Tip: You also might want to put a line like the following into /etc/profile or xprofile so you do not have to type that long command all the time:
export LD_PRELOAD=/usr/'$LIB'/libv4l/v4l2convert.so

or

export LD_PRELOAD=/usr/'$LIB'/libv4l/v4l1compat.so

For 32-bit applications (e.g. Skype) within Arch64, install the lib32-v4l-utils package.

If the webcam works fine on guvcview, but it does not work in Skype, you may also need to set

export XLIB_SKIP_ARGB_VISUALS=1

before starting it.

Cheese

Cheese is the GNOME photo/video taking client. It is similar to Photo Booth in Mac OS X. It is in the official repositories.

GTK+ UVC Viewer (guvcview)

In addition to being a convenient way to configure your webcam, guvcview also allows capturing (with sound!) and viewing video from devices supported by the Linux UVC driver. Available in the Official Repositories as package guvcview. Just install it and launch, and it will present you a list of configurable settings. Changing these settings will affect all applications (e.g. Skype).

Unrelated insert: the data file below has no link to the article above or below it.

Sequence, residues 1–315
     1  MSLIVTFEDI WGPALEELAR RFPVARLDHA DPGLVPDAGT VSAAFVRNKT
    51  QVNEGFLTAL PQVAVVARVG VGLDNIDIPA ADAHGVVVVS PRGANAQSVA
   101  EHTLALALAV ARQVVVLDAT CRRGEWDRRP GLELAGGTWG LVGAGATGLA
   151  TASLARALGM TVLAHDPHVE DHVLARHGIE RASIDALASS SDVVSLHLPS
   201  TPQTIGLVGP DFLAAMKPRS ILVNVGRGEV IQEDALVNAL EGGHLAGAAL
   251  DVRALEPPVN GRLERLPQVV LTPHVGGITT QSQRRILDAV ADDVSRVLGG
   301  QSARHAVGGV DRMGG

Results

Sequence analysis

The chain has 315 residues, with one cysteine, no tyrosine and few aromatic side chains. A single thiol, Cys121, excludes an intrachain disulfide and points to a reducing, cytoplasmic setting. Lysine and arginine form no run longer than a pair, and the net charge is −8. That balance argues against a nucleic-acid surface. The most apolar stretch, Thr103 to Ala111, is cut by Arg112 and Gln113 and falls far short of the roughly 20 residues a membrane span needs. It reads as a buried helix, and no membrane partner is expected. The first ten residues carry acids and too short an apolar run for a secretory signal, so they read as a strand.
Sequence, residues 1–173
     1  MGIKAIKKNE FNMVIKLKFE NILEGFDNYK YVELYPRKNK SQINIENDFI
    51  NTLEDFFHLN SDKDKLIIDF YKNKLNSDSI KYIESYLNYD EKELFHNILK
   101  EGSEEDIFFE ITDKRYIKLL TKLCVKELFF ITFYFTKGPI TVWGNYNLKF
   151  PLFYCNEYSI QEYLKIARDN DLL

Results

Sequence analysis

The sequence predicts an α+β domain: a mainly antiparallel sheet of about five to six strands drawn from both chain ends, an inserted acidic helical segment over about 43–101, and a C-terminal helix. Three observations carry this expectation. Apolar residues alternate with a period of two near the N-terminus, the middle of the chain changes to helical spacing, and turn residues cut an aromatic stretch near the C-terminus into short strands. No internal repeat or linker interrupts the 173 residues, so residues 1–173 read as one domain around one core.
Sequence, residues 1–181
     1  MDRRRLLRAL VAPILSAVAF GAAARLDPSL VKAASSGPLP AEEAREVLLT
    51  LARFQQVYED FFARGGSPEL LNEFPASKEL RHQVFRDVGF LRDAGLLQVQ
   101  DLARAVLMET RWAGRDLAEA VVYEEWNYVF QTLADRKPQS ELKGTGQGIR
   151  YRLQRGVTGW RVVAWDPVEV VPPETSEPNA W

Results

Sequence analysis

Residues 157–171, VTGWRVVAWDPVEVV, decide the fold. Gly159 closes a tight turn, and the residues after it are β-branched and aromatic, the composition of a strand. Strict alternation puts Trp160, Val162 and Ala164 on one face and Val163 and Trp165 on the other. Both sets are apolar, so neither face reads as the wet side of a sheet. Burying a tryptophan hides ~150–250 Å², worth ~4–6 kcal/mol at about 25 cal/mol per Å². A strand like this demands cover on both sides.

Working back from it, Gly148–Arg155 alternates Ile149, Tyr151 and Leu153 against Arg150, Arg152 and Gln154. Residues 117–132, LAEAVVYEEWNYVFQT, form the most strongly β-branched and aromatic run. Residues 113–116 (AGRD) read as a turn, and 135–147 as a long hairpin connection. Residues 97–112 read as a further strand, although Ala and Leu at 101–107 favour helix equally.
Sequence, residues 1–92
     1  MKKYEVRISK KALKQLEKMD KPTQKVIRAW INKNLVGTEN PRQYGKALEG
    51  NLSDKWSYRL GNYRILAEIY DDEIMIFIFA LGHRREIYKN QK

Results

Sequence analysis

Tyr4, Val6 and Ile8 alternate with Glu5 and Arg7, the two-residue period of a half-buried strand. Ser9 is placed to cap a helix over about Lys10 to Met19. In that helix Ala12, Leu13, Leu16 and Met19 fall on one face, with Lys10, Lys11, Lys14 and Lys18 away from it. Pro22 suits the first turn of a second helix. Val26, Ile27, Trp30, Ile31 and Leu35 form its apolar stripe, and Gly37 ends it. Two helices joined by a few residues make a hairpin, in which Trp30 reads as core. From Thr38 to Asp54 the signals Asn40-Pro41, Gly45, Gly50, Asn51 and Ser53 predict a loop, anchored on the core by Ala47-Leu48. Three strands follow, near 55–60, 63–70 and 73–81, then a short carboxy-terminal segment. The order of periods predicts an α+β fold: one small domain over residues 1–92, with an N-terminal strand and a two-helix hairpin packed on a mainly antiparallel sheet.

Kopete

Kopete is the KDE instant messaging (IM) client. As of KDE 3.5, it has support for MSN and Yahoo! webcams, but not every cam works yet. It is included in the kdenetwork package.

Kamoso

Application to take pictures and videos out of your webcam for KDE. Available in the AUR: kamosoAUR.

xawtv

This is a basic v4l device viewer, and although it is intended for use with TV tuner cards, it works well with webcams. It will display what your webcam sees in a window. Install it using

# pacman -S xawtv

Run it with

$ xawtv -c /dev/video0

If you are using an nVidia graphic card, and you get an error like

X Error of failed request:  XF86DGANoDirectVideoMode
 Major opcode of failed request:  139 (XFree86-DGA)
 Minor opcode of failed request:  1 (XF86DGAGetVideoLL)
 Serial number of failed request:  69
 Current serial number in output stream:  69

you should instead run it as:

$ xawtv -nodga

google talk

VLC

VLC can also be used to view and record your webcam. In VLC's file menu, open the 'Capture Device...' dialog and enter the video and audio device files. Or from the command line, do:

$ vlc v4l:// :v4l-vdev="/dev/video0" :v4l-adev="/dev/audio2"

This will make VLC mirror your webcam. To take stills, simply choose 'Snapshot' in the 'Video' menu. To record the stream, you add a --sout argument, e.g.

$ vlc v4l:// :v4l-vdev="/dev/video0" :v4l-adev="/dev/audio2" \ 
  --sout "#transcode{vcodec=mp1v,vb=1024,scale=1,acodec=mpga,ab=192,channels=2}:duplicate{dst=std{access=file,mux=mpeg1,dst=/tmp/test.mpg}}"